More recently, the U.S.’s and its European allies’ regime change projects in the Middle East and Ukraine have brought about millions of deaths and the wholesale destruction of the infrastructures of those parts of the world. Regime change and the politics of oil and natural gas pipelines, rather than the introduction of freedom, have been the real drivers behind these projects. It did not and does not matter to American elites that the peoples of Iraq, Libya, Syria, and Ukraine are in far worse straits now than before their countries were destabilized. What matters is that the ensuing chaos and privatization of resources and industries create conditions for currency speculation and plunder by oligarchs and politically-connected actors eager to cash in on other peoples’ misfortune. The U.S.’s stated project to dominate all parts of the world pushes aside the values of compassion for the Other and the accompanying sensibility of empathy—the intellectual and emotional attempt to place oneself in the Other’s position, to proverbially walk a mile in the Other’s shoes.
Can it be that the real decision makers steering the U.S. government—the neo-conservatives and their allies on Wall Street—have become so jaded, or distant, or uncaring concerning the carnage taking place in Yemen alone—an enormous humanitarian disaster that has spawned mass starvation, cholera, and other forms of human suffering–that such values as compassion no longer matter? Have these individuals ever stopped, even for a moment, to imagine the appalling circumstances of famine and preventable disease? Hunger is surely one of the worst ways to die, but to helplessly stand by and witness the slow, excruciating deaths by hunger of members of one’s family is far worse. Where is the value of compassion, of “the way people are treated”? How on earth can the U.S. Congress justify more arms sales to Saudi Arabia, when each member of that body knows that those weapons will be used against Yemen, one of the poorest nations on earth whose people have never done anything to hurt the United States? (2) Where is the courage among members of Congress to take a stand against such unethical decisions? How do the U.S.’s values support this genocide?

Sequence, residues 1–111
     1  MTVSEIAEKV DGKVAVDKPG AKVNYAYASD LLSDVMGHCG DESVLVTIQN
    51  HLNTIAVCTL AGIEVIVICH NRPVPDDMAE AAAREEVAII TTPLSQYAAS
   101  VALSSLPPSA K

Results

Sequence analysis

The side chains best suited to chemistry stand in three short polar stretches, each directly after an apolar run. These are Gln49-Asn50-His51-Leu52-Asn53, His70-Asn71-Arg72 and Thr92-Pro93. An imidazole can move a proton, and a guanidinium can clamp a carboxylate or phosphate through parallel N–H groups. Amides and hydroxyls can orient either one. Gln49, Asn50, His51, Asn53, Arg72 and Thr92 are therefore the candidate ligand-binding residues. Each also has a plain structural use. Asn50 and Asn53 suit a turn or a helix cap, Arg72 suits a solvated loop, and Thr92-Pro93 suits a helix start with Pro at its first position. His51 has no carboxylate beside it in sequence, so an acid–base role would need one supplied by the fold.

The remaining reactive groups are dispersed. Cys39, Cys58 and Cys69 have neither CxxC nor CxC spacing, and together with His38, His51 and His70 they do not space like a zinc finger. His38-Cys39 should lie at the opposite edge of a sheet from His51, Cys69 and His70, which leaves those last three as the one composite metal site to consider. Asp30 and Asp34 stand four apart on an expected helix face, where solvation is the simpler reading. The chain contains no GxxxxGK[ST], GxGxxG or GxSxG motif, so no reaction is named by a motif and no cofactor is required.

By contrast, compassion is actually a national value of Russia: this attitude derives richly from Russia’s Orthodox Christian theology of humility, asceticism, and brotherly love. Spirituality in general in Russia, expressed as well by her other heritage religions of Islam, Judaism, and Buddhism, influences everyday life in ways connected with compassion and empathy: mysticism with its understanding of the sacred, kindness to all living creatures, and almsgiving to the less fortunate all play a role in how the citizens of the Russian Federation interact with each other. These observations do not amount to idealizing Russian culture, but rather recognize spirituality as an essential feature that has existed on Russian soil for over one thousand years—and which was itself inherited from Christian Greece through the Eastern Roman Empire with its center at Constantinople. Among Russians a mystical, metaphysical acknowledgment of some higher, non-human-made system of values pervades their thoughts and actions.
Russia’s compassion and empathy derive not only from her spirituality, however. Even during the approximately seventy-year period of communist rule (1917-1987), the concept of the “collective” as a group of close-knit members of a specific workplace included more than how a “network” of colleagues is understood in the U.S.(3) In the Soviet collective its members supported each other not only emotionally, but also economically: if, for example, butter was available at a local store, one member would stand in line and bring back enough for the others. Because Russian culture by tradition is a spiritual and communal one, it follows that its citizens are guided by ethical and moral values that focus on each individual, but understand that individual as functioning within the whole of society. In contrast to many Americans, Russians do not self-centeredly promote themselves at the expense of everyone else, nor do they elevate the incessant acquisition of material things as the surest path to inner happiness.
Please go to Russian Insider to read the entire article.
Despite what we have read here on how America is no longer a “democracy” but an oligarchy, and how inequality is becoming more “extreme” in America, the US passed a $700 billion “defense” expenditure bill, and continues building its bases not only in Europe, but in Syria as well. Several observers have been suggesting a war on Iran is being planned and we are now in its preparatory stages. The real reason the US military are in Iraq and Syria is to fragment those countries.
All the while US corporate profits appear to be “booming”:
Then as the Trump administration has decided to pass this most recent tax bill, it will favour corporations and wealthy people (oligarchs):
Will globalization go into reverse?
Does anyone really know where all this money has been directed to?